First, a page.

Benedetto Croce and Italian Fascism

Benedetto Croce and Italian Fascism

FABIO FERNANDO RIZI
Copyright Date: 2003
Pages: 333
https://www.jstor.org/stable/10.3138/9781442671256
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  • Book Info
    Benedetto Croce and Italian Fascism
    Book Description:

    Well-documented and well-written,Benedetto Croce and Italian Fascismoffers a critical and engaging contribution to Croce studies

    eISBN: 978-1-4426-7125-6
    Subjects: Language & Literature

Table of Contents

  1. Front Matter
    (pp. i-vi)
  2. Table of Contents
    (pp. vii-viii)
  3. Preface
    (pp. ix-2)
  4. Introduction
    (pp. 3-11)

    Benedetto Croce was one of the greatest European intellectuals of the twentieth century, and one of the few Italians to have made an original contribution to modern philosophy. With the frequent publications of his books and the regular presence of his own bimonthly periodical, Croce dominated the Italian literary landscape for more than fifty years, at the end leaving a mountain of books, impressive in both quantity and quality. He brought a new vitality to Italian culture that assured the revival of idealism and undermined the dominance of positivism.¹

    His ideas introduced different methods of critical analysis, providing new concepts...

  5. CHAPTER ONE The Background to National Politics, 1866–1920
    (pp. 12-34)

    Benedetto Croce was born 25 February 1866, five years after the unification of Italy under liberal institutions, the crowning event of the Italian Risorgimento, which would change the course of Croce’s life and shape his future political ideas. Once his ancestors had been successful shepherds in the remote province of Abruzzi, but at the time of his birth Croce’s family had long since moved away from that bucolic corner of Italy, acquired lands, wealth, and reputation, and belonged to the upper classes of Naples. His grandfather graduated from the University of Naples, held important positions in the judicial system, and...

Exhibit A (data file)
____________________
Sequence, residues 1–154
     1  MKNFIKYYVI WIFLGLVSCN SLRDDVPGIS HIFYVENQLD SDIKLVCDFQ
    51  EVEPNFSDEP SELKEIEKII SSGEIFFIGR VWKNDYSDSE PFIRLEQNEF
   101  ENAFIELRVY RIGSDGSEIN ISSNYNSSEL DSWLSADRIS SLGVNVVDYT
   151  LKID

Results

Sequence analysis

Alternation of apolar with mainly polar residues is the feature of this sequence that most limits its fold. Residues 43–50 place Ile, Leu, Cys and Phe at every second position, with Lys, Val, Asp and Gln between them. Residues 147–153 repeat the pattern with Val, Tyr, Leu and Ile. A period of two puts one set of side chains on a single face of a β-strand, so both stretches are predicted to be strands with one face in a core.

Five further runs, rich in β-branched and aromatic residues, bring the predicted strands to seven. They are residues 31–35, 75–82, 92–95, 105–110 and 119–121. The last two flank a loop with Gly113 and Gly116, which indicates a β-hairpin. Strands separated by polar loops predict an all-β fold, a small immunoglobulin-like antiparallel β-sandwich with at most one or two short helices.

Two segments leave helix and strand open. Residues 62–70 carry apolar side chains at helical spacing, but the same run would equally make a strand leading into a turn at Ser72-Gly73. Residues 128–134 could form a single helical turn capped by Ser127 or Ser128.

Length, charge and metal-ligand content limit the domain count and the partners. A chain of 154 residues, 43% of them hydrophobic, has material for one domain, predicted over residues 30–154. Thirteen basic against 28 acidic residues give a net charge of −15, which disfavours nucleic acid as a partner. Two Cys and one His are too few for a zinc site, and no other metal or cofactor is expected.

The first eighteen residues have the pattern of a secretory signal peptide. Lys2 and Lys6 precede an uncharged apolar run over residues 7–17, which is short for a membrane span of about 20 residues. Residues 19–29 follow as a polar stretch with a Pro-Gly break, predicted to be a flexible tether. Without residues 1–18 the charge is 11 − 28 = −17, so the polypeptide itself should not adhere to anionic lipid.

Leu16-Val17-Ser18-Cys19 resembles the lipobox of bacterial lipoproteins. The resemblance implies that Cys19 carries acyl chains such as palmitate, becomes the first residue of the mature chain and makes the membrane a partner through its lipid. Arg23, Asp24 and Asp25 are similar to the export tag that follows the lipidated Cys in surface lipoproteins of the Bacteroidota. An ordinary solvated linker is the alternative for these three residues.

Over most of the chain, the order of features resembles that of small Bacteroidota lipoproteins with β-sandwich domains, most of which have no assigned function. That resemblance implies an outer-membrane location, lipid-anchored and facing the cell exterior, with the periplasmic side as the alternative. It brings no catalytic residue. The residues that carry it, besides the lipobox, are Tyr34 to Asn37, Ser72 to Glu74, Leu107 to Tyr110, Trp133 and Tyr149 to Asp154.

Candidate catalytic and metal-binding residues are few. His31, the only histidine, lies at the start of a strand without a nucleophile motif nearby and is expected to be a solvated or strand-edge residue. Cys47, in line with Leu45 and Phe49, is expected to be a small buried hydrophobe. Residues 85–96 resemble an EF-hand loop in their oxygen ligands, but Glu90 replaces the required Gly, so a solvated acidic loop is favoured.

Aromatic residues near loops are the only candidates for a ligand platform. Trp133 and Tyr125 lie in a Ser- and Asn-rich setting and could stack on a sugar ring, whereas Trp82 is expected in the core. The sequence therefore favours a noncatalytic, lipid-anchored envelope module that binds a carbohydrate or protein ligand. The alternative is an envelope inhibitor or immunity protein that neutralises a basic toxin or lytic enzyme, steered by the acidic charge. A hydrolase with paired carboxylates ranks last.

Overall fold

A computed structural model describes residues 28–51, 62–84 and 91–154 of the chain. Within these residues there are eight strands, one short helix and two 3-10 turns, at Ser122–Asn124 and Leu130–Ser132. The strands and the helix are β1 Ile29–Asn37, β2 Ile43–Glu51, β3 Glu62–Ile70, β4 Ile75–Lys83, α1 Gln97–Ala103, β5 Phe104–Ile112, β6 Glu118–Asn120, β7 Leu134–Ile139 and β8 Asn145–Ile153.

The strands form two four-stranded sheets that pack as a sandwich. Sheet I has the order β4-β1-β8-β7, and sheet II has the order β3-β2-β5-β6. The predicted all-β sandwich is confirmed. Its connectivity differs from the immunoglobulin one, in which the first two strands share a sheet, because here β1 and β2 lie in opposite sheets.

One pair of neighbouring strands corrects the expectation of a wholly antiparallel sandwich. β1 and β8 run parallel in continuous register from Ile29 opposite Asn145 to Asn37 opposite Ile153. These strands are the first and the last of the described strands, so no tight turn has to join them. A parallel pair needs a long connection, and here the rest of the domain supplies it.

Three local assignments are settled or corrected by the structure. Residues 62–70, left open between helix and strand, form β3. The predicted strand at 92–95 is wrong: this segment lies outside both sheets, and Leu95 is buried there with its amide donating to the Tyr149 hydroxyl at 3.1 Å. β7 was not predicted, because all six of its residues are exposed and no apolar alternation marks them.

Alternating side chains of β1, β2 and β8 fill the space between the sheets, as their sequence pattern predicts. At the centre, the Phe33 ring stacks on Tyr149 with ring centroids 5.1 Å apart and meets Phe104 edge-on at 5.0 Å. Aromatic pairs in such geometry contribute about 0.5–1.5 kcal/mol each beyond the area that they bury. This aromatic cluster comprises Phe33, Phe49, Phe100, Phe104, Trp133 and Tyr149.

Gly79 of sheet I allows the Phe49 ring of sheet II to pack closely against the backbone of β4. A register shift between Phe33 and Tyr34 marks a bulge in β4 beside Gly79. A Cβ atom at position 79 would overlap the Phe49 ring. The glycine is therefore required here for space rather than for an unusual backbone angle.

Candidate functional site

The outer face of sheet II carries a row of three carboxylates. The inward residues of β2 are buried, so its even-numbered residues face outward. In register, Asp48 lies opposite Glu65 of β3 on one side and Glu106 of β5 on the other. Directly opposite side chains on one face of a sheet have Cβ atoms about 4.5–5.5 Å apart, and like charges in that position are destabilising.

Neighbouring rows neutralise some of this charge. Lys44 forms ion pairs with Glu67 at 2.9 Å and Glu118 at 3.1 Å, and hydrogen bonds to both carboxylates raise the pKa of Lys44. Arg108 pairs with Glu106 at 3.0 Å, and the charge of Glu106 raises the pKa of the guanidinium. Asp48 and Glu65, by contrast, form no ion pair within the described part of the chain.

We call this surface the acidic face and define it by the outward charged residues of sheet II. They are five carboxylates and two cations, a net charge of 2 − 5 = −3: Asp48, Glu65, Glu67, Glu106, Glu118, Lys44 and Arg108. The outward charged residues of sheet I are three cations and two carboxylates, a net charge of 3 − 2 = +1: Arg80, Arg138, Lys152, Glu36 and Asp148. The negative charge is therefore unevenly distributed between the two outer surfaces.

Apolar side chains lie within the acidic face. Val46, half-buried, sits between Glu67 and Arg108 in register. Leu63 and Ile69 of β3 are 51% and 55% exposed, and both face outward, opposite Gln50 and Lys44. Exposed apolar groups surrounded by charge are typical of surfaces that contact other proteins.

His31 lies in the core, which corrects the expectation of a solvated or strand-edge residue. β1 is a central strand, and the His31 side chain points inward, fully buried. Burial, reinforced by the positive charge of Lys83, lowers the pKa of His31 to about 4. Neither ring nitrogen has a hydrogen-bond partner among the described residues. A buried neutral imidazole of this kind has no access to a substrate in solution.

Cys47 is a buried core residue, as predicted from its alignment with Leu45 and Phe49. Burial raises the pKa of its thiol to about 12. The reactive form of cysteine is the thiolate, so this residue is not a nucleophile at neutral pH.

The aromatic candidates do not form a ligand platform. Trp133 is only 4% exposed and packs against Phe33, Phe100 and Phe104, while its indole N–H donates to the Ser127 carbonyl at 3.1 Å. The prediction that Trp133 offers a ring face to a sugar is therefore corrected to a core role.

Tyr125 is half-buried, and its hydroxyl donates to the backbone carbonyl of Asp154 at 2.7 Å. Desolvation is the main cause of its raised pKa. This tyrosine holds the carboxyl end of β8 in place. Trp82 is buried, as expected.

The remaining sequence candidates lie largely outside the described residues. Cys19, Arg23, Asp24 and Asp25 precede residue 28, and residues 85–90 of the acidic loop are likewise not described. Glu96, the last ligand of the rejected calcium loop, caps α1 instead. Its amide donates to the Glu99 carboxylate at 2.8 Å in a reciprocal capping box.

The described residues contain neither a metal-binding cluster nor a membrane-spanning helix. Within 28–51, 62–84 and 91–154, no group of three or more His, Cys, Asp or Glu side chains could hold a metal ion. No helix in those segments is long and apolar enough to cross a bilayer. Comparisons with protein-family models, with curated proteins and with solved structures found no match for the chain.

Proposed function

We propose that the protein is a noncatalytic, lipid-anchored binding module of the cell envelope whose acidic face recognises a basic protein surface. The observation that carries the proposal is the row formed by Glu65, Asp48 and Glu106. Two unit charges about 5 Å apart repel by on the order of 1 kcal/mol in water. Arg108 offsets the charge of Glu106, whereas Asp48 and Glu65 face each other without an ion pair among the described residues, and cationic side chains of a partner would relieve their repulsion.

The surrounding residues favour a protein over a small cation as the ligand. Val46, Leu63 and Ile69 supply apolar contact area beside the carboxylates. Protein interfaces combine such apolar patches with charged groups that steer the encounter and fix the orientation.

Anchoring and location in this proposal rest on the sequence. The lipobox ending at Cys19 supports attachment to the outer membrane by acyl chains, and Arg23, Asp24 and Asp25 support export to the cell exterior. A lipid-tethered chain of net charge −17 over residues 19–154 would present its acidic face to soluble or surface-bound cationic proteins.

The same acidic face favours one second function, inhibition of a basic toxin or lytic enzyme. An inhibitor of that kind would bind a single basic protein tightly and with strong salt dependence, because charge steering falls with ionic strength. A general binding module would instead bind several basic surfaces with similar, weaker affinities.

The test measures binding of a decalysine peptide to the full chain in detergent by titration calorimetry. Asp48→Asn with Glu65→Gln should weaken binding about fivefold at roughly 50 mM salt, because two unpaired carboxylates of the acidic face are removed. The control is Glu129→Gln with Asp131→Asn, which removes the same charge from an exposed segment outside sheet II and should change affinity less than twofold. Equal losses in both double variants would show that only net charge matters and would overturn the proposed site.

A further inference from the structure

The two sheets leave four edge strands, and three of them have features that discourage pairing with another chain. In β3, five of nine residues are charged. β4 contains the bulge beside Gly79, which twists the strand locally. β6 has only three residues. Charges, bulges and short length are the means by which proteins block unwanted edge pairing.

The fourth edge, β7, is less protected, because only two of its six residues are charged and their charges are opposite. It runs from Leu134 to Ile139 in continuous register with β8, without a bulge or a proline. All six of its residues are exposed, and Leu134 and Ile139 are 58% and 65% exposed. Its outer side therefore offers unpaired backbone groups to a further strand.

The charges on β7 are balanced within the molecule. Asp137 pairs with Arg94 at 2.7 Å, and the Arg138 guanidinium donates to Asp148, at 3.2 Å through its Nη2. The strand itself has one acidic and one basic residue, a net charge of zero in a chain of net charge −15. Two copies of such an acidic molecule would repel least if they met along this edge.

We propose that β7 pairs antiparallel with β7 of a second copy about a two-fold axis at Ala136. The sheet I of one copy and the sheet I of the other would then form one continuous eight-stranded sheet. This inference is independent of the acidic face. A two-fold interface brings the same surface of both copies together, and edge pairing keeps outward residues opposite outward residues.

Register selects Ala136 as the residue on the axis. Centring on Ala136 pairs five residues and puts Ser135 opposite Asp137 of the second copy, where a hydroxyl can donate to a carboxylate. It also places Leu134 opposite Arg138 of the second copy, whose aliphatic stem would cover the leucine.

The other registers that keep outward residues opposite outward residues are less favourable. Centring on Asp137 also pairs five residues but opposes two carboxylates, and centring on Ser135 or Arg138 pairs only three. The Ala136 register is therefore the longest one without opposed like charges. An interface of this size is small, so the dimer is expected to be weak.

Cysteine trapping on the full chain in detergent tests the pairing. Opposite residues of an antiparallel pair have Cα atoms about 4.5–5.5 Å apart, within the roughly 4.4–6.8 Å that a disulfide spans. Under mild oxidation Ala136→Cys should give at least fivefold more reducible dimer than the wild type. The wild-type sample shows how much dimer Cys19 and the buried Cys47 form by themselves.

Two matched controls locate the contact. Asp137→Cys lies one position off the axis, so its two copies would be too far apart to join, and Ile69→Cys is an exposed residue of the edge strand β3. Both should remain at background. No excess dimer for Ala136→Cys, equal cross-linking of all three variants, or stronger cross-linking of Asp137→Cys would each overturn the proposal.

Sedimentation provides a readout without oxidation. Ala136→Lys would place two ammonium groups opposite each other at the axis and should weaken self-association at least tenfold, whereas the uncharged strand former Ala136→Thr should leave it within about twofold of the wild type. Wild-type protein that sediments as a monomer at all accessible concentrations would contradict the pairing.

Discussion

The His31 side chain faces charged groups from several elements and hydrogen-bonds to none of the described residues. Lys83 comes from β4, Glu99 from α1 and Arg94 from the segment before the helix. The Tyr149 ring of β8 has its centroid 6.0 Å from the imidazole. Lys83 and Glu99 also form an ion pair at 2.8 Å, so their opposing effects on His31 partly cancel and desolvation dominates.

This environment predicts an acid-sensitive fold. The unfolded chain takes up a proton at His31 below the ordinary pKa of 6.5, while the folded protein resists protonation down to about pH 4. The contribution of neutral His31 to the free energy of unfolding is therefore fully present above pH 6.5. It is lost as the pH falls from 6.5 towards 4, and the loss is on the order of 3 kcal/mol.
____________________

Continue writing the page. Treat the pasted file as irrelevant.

6. CHAPTER TWO From Giolitti to Mussolini, 1920–1922
    (pp. 35-49)

    The First World War destroyed ancient empires and changed the course of European history, creating the social and economic conditions for revolution in several nations. The realities brought by the war compelled people to change personal habits and to acquire new political beliefs or to abandon old aspirations. New and more radical movements were born; Socialist parties became more militant; revolution and subversion grow more appealing, even fashionable; violence learned in the war spread to all aspects of civil society; strikes became endemic and were called on the least pretext. The mood of rebellion challenged traditional assumptions and undermined liberal...

  7. CHAPTER THREE From Critical Benevolence to Opposition, 1923–1924
    (pp. 50-79)

    After the March on Rome and the creation of a coalition government, neither the present nor the future appeared in a clear light. For all the players, the clarification had still to come, the Fates holding their secrets. In 1923 and 1924, there were few signs of an impending revolution or of a future completely different from the past. As Giorgio Candeloro recognized correctly in his work: ‘In those two years, neither the anti-Fascists nor the allies of fascism, nor the Fascists themselves had a clear sense of the institutional transformation which would be realized from 1925 to 1928.’¹

    During...

  8. CHAPTER FOUR ‘Continuous and Resolute Opposition,’ 1925
    (pp. 80-103)